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Centralized Clearing and Counterparty Risk for the CDS Market

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The establishment of exchanges and centralized clearing for the CDS market may not necessarily be a panacea for risk, according to Darrell Duffie, professor of finance at the Stanford Graduate School of Business. Duffie argues that the clearing platforms that have been launched to rationalize the CDS market will not remove nearly as much risk as regulators hope.

Duffie, a member of the Financial Advisory Roundtable of the New York Federal Reserve Bank, supported the establishment of a clearinghouse in testimony last year to the US Senate Committee on Banking, Housing, and Urban Affairs. He is still in favor of that idea, but maintains that the current implementation is flawed in several respects:

  • Although the worldwide market for CDSs is huge, it has shrunk by more than 50% in the past year. A clearinghouse dealing only in CDSs is now too small to efficiently reduce counterparty risk in the entire financial system. Instead, Duffie suggests that the clearinghouse should clear a much larger proportion of trades made in the market for all OTC derivatives, not just CDSs.
  • CDS clearing will merely net out exposures between counterparties with regard to their CDS positions alone—ignoring all other exposures. Oddly enough, this may lead to cases where aggregate systemic risk is increased rather than mitigated. For instance, in the old OTC-cleared world, if Dealer A is exposed to Dealer B by $100 million on CDSs, while Dealer B is exposed to Dealer A by $150 million on interest rate swaps, then the two dealers would, under their ISDA Master Agreement protocols, net out their exposure, leading to a flat $50 million in risk taken by Dealer A. However, if the two counterparties clear their trades through ICE Trust, for instance, there would be no netting of aggregate positions. Dealer A would be taking on exposure to Dealer B of $150 million—or $100 million more.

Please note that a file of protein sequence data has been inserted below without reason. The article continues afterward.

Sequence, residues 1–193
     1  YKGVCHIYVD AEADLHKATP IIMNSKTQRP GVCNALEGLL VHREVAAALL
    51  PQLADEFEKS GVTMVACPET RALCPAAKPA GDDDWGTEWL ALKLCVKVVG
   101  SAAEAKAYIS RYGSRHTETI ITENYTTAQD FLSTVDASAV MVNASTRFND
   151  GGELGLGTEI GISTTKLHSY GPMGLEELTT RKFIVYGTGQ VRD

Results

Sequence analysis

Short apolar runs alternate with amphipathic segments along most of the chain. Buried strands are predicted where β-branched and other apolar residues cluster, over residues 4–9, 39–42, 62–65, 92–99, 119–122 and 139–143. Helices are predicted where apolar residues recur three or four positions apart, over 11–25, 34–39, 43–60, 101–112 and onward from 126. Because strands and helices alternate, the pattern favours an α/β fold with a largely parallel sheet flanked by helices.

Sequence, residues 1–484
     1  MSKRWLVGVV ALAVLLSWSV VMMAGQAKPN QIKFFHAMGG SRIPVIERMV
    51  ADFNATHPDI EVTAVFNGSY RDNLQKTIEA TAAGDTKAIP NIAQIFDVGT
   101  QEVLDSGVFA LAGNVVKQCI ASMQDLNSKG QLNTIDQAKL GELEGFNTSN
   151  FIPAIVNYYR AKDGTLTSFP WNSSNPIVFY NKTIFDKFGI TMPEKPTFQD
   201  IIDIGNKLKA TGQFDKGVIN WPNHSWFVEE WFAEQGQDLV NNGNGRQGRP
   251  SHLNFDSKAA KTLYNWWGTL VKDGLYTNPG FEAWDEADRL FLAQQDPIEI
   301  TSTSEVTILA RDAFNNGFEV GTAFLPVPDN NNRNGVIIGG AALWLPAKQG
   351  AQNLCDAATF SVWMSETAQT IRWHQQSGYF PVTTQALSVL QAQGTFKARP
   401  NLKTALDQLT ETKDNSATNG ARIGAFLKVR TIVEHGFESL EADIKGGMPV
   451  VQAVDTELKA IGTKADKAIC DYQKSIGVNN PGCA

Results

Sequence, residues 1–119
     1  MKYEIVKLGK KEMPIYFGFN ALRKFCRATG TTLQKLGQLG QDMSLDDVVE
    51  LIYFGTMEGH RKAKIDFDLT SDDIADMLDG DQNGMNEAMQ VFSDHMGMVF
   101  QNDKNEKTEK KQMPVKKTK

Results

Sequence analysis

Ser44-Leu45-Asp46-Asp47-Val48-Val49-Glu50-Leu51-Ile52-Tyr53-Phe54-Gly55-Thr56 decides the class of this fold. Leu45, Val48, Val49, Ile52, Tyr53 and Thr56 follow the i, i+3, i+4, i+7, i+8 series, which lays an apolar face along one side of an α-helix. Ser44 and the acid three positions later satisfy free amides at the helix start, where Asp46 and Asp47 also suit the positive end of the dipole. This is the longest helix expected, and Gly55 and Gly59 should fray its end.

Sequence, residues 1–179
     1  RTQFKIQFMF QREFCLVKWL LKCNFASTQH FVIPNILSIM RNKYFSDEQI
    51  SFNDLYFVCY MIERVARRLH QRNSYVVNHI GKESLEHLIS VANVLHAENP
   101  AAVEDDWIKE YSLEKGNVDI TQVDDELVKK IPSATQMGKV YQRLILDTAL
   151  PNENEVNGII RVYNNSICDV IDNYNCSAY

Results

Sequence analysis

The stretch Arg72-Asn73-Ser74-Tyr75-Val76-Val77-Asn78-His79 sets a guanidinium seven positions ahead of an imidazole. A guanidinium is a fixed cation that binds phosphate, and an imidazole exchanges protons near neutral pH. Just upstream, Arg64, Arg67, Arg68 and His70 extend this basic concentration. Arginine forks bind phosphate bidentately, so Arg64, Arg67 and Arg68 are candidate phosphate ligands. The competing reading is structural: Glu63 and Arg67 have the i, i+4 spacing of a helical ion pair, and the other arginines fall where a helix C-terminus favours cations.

• Multiple clearinghouses in the global market will make matters worse. Having more than one reduces the netting effect even more; each additional clearinghouse exacerbates the problem.
  • Transparency will not necessarily improve with centralized clearing. Presently, the same level of information about CDS trades that would be available to regulators in a clearinghouse is already available through the DTCC website. With or without a clearinghouse, so far there is no plan to reveal all trades, all pricing, and all limit orders to the public. “I’m sorry to disappoint, but most of the information about default swaps remains confidential even when cleared,” Duffie says.

Had a system of centralized clearing been up, running, and liquid five years ago, the US taxpayer might still have been forced to bail out AIG. Almost all AIG trades were highly customized to a unique pool of reference entities. These types of customized CDSs would still have been OTC cleared, rather than ICE or CME cleared. They would still have been entirely opaque, and would still have exposed the market to an enormous amount of systemic risk. In other words, a centralized clearing system may do nothing to prevent the next AIG.

–Theodore J. Kim, Esq., CFA, FRM, is a New York-based managing director of Smart Cube, an independent global research firm focused on capital markets and investment management.

This article was originally published as a companion piece to "Controlled Dangerous Substances: The CDS Market Goes Straight," which appeared in the Summer 2009 issue of the Investment Professional.

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